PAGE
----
Spring is Blossom Time

    • Gladiolus make wonderful cut flowers throughout the summer. Plant some every two weeks for continuous blooms.
    • It’s time to put out oriole feeders. You can also attract them with fresh orange halves.
    • Flower seeds can be sown directly in the garden now. Cosmos, marigolds and zinnias will give you beautiful flowers all summer.
    • Plant the vegetable garden this month, but remember that late frosts can still nip tender young plants.
    • Petunias can’t be beat for large, colorful blooms all summer long.

Sensational Wisteria

One of our most long-lived and reliable vines is the wisteria. Trained over an arbor or trellis with its long clusters of fragrant flowers almost covering the plant, it is truly a glorious sight.

Wisteria are hardy, vigorous, twining vines that have many landscape uses. They live for many years and can climb to great heights by means of twining stems. Older, established plants may have a twisted, woody trunk several inches in diameter.

Wisteria can be trained on a variety of supports. The important thing is that they are strong. As a wisteria grows, its trunk and branches become thick and heavy, sometimes outliving and replacing its support. They can be supported on trellises, hung from eaves (though they will try to creep into the house), espaliered on a fence or allowed to climb a tree. Make sure that the twining wisteria stems don’t girdle young trees.

Wisteria can also be trained to a standard, or tree shape, when young. They need to be pruned heavily in winter and have the long shoots removed throughout the summer to keep them from becoming vines.

There are two types of wisteria: Chinese and Japanese. The Chinese is the more common with 12-inch flower clusters that open all at once. The Japanese wisteria has very long clusters, 18-36 inches, and the flowers open in succession giving a longer, but less spectacular bloom. The most common flowers of both kinds are violet-blue, but white and pink forms are also available. Chinese wisteria will bloom in considerable shade while Japanese wisteria needs full sun.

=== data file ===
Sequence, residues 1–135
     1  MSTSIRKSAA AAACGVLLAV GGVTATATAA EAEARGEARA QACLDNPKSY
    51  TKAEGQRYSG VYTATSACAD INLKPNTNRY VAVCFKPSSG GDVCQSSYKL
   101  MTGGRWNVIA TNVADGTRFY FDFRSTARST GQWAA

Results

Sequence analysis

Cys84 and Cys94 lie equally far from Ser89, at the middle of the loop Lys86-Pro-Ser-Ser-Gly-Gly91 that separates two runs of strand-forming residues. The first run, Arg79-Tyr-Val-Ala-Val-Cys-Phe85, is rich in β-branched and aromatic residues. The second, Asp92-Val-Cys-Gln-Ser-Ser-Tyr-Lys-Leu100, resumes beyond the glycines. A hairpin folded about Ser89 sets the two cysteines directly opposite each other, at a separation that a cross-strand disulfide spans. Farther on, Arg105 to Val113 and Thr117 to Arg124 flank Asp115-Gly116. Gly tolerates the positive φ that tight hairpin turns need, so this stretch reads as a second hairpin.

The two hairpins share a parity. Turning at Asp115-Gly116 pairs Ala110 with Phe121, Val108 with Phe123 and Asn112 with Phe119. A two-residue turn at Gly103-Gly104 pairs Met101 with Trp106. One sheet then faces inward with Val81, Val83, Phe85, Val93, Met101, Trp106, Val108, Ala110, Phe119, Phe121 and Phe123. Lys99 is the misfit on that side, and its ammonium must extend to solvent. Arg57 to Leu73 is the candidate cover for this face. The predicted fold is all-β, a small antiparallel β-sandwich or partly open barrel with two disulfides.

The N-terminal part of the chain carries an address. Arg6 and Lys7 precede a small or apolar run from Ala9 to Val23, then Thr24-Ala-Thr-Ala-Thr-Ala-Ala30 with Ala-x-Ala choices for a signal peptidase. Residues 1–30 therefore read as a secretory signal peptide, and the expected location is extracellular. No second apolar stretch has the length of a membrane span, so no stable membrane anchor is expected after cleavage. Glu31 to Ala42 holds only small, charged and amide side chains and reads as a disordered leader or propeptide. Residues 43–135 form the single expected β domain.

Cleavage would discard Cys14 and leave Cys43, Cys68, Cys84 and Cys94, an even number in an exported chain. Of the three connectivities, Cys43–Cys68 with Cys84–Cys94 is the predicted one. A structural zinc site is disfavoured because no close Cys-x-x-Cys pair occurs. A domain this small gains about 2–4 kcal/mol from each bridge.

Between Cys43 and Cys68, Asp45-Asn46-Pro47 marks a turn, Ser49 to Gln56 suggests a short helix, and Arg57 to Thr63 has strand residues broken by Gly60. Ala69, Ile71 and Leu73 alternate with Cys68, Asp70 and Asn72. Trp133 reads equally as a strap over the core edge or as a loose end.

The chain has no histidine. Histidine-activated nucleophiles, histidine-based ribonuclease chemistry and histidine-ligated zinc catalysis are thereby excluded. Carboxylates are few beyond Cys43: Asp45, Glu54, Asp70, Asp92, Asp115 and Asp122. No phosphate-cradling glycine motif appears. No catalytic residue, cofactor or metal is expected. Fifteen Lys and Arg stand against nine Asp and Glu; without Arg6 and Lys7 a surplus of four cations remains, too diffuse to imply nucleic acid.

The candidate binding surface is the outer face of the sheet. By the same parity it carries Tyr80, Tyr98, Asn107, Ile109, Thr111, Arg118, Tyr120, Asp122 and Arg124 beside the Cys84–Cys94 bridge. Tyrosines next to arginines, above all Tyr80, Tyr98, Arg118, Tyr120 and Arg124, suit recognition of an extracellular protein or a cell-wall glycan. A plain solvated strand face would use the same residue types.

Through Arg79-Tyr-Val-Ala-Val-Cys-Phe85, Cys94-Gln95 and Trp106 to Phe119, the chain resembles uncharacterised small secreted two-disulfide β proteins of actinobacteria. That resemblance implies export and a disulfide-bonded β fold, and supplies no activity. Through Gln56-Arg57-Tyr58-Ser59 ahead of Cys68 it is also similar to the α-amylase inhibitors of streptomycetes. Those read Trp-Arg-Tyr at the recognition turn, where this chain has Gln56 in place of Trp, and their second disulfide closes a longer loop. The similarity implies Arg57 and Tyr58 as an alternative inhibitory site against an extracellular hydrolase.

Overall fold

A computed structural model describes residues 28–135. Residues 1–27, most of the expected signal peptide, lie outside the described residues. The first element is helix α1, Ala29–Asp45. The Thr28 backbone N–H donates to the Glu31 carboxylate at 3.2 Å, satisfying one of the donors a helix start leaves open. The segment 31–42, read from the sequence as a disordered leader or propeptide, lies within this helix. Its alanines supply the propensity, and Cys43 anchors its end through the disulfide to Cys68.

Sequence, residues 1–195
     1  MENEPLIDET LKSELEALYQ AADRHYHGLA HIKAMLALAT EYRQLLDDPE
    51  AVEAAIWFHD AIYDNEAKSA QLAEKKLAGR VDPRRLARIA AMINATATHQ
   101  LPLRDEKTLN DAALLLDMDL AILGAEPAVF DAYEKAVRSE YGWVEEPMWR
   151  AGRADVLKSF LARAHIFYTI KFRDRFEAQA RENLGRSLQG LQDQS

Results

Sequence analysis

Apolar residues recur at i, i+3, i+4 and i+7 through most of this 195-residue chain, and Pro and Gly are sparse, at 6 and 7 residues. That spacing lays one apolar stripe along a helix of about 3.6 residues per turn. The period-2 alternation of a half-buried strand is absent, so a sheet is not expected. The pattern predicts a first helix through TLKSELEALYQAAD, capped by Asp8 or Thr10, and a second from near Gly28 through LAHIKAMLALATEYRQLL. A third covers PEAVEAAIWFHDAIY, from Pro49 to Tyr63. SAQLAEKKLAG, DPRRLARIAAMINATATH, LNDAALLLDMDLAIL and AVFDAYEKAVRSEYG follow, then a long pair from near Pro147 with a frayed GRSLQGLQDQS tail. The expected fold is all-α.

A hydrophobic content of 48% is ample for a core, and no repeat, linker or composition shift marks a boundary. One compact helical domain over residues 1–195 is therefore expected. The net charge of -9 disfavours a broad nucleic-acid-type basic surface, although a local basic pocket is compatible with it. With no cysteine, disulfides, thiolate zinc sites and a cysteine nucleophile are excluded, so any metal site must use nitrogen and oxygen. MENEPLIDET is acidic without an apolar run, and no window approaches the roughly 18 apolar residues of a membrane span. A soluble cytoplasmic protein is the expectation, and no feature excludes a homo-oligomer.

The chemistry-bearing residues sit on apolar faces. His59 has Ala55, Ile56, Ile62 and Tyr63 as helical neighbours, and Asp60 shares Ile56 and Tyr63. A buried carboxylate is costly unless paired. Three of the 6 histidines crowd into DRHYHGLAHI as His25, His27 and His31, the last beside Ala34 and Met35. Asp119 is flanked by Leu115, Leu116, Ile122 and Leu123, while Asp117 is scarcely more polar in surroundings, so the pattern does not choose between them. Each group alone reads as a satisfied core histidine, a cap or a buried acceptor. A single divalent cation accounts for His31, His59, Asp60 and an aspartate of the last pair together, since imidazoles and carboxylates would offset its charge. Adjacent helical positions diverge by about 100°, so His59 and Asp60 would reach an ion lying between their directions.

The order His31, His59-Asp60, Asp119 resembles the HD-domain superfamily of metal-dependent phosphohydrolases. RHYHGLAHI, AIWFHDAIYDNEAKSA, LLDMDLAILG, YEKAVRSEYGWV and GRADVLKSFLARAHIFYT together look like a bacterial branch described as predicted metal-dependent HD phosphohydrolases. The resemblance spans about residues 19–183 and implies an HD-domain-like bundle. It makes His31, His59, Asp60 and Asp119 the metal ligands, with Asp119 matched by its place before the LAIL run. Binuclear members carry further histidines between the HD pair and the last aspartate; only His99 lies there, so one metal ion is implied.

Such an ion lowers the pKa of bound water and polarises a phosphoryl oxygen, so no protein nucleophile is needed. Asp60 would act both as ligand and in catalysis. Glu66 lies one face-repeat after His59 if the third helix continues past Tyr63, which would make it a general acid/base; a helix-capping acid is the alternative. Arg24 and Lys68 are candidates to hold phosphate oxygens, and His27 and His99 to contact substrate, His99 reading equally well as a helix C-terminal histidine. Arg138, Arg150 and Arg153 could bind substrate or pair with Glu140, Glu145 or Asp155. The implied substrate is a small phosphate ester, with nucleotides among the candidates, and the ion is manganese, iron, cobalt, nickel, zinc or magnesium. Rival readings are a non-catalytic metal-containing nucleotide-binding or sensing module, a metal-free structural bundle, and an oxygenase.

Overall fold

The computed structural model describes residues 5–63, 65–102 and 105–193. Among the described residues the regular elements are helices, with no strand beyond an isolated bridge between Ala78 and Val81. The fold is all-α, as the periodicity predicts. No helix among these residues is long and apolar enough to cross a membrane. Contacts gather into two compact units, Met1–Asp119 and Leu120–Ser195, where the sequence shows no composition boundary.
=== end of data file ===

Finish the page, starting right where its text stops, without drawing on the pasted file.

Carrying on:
Under normal conditions wisteria should bloom every spring. Sometimes a hard, late frost will kill the flower buds and lessen the bloom. Grafted plants should bloom within two years of planting. Plants which are grown from seed often do not bloom for 10 to 15 years or longer. A plant will also fail to bloom: if it does not receive enough sunlight; if it has been stimulated by excess nitrogen fertilizer; or if it has been pruned too heavily or improperly pruned.

If your wisteria is over 5 years old and hasn’t bloomed, try this: in late spring, dig a ditch around the vine 2 to 3 feet from its base and 18 inches deep. Mix 2 lbs. of superphosphate in with the soil and refill the trench. This combined root pruning and high-bloom fertilizer should help it bloom by next year. Do not allow suckers to sprout from the base of any wisteria, since the best varieties are grafted and suckers come from the rootstock.

Wisteria is grown primarily for the beauty of its showy, deliciously fragrant flowers. Its rapid growth rate makes it a good choice when fast coverage is desired.

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